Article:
Mass deportations could be seriously disruptive in the small, poor countries of Central America, said Eric Olson, an expert on the region at the nonpartisan Wilson Center think tank in Washington. It was the large-scale deportation of MS-13 gang members to El Salvador beginning in the 1990s, he said, that helped turn the country into one of the most violent in the world.
“The Trump administration runs the risk of undermining its own policy goals,” Olson said. “If at the same time they’re sending back tens of thousands or hundreds of thousands of people who can’t really integrate well, you may create more instability, and eventually more migration.”
The new collaboration between the U.S. and Mexico is a bright spot in what has been a contentious year for the longtime allies. Trump has publicly sparred with Mexican leaders over his threats to withdraw the U.S. from the North American Free Trade Agreement and his insistence that he will force Mexico to pay for construction of a border wall.
On those issues, Mexican President Enrique Peña Nieto has used Mexico’s cooperation with the U.S. on immigration and security as a bargaining chip, saying his country could stop helping the U.S. at any time. Of course, Mexico also has a vested interest in reducing the number of migrants seeking to cross its territory to get to the U.S. border. Mexico is also grappling with a sharp increase in asylum requests from Central Americans, which tripled between 2012 and 2015.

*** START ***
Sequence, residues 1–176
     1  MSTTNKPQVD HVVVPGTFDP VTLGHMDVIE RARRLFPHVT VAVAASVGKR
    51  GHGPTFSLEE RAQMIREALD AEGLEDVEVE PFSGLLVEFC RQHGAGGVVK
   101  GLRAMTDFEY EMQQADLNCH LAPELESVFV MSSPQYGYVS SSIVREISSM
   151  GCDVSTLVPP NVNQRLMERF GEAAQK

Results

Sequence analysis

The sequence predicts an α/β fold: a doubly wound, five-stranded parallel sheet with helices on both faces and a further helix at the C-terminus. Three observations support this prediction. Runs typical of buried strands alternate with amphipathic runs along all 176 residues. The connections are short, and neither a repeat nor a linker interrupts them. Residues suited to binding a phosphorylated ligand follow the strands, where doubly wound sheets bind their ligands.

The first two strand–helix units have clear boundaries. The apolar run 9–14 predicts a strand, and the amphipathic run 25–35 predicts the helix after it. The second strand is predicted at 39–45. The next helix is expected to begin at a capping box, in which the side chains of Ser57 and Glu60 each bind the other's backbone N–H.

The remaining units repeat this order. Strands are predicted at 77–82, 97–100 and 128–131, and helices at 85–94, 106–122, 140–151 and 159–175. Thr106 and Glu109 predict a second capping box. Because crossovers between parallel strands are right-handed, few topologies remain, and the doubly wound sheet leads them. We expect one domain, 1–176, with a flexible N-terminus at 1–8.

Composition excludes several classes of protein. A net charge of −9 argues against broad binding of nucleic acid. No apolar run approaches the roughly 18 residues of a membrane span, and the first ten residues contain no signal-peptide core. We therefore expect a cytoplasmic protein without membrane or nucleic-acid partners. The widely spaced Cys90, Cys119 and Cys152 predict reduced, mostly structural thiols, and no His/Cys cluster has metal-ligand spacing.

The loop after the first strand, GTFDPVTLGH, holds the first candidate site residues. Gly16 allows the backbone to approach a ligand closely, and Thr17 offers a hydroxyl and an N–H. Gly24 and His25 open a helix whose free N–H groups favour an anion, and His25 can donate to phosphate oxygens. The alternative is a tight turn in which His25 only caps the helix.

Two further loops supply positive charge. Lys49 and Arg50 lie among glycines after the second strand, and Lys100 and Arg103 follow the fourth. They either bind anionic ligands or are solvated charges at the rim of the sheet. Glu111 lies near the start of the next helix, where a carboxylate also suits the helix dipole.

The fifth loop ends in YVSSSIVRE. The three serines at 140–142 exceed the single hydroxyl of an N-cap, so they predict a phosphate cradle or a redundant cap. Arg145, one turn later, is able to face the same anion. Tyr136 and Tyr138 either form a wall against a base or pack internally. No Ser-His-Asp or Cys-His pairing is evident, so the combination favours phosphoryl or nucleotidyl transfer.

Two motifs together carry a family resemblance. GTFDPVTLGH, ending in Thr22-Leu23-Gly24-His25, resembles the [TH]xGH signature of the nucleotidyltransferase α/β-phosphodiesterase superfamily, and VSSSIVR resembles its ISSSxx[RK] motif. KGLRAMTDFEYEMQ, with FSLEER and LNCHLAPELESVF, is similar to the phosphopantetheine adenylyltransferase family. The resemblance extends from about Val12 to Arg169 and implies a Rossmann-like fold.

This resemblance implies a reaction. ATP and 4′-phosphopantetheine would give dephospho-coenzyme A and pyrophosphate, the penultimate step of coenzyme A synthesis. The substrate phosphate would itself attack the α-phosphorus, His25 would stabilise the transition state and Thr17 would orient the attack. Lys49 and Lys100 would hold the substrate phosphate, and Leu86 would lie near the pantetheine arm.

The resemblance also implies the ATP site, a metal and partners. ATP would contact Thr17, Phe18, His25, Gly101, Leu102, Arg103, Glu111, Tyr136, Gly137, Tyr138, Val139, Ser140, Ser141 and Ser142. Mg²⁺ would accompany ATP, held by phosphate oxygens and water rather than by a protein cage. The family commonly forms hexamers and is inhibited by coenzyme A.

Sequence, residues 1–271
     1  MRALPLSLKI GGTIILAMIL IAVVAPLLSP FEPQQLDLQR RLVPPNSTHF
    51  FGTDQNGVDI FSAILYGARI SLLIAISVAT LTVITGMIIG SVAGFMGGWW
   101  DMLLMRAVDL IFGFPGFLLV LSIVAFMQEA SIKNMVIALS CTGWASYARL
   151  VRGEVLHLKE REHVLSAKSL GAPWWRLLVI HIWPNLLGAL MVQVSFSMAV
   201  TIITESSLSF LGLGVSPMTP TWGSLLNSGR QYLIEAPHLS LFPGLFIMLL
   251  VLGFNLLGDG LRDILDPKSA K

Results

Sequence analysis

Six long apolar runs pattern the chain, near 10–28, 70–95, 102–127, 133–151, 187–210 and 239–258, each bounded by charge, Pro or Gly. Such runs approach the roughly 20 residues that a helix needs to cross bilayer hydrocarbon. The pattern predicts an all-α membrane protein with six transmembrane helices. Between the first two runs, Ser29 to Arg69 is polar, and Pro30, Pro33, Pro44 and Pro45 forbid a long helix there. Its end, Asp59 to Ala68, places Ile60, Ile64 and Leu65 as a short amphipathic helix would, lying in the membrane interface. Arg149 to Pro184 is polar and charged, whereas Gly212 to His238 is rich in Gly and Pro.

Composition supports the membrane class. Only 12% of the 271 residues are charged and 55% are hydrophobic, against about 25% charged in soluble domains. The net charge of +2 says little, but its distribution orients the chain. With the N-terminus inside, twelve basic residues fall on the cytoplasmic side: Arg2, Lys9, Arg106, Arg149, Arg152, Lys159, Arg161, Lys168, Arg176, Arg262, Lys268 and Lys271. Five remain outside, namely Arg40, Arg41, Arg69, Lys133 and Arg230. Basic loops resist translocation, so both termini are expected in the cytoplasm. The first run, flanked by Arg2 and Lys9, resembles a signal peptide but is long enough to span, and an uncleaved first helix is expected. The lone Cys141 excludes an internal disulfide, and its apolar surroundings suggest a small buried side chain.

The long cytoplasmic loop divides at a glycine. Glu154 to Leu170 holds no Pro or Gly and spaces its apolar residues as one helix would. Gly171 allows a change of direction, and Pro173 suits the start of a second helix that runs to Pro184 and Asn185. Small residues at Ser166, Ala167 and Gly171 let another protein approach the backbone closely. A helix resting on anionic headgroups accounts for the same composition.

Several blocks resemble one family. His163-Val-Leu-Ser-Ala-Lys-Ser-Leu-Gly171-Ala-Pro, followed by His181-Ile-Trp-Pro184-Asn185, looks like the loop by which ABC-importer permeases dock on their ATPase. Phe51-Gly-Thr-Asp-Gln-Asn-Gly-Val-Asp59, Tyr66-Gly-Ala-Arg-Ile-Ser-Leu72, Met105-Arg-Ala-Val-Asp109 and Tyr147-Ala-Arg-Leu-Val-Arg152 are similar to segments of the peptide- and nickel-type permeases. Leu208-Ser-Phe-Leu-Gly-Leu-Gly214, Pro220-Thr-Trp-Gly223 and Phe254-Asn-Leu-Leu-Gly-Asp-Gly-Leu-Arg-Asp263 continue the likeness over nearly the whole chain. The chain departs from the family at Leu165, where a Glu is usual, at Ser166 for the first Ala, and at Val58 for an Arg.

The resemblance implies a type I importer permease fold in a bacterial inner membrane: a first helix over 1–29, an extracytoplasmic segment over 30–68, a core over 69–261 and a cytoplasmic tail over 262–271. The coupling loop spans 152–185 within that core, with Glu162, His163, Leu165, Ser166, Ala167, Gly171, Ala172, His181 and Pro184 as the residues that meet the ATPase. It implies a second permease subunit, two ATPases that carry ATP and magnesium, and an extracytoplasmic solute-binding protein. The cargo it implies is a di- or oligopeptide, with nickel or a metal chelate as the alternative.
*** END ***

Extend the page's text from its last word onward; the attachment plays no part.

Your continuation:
Green said his conversations with Mexican leaders this week have been optimistic and not focused on Trump. “Every single one of them has been forward-looking and aspirational about all the things we’ll do together,” he said.
The collaborations will begin immediately, he said.
In El Salvador, the two nations will work with the local government to improve trade practices, including standardizing documentation requirements and streamlining border procedures. In Honduras, Mexican doctors and experts in forensic medicine will work with the U.S. to train local law enforcement officials in more effective and transparent techniques.
In Guatemala, the U.S. and Mexico will help young people who are likely to migrate in search of jobs, officials said. They will also help Guatemala to improve its tax collection to minimize opportunities for corruption.
Whether or not such programs actually cut down on migration is difficult to determine, according to experts.
U.S. officials say ongoing efforts to reduce violence have paid off in El Salvador, where homicide rates have fallen in many of the 33 towns where the United States is helping to fight crime. In Honduras, U.S. support has led to an increase in anti-corruption cases, according to senior USAID officials in the region.
The number of children showing up at the U.S. border without adults has fallen since peak levels several years ago, and overall border apprehensions dipped dramatically after Trump’s election last year. But in recent months, border apprehensions have begun to creep back up.
To read the article in Spanish, click here
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5:55 a.m.: This article was updated with actions the Trump administration has taken to remove protections for Central American children migrating to the U.S.
This article was originally published Oct. 26 at 7:40 p.m.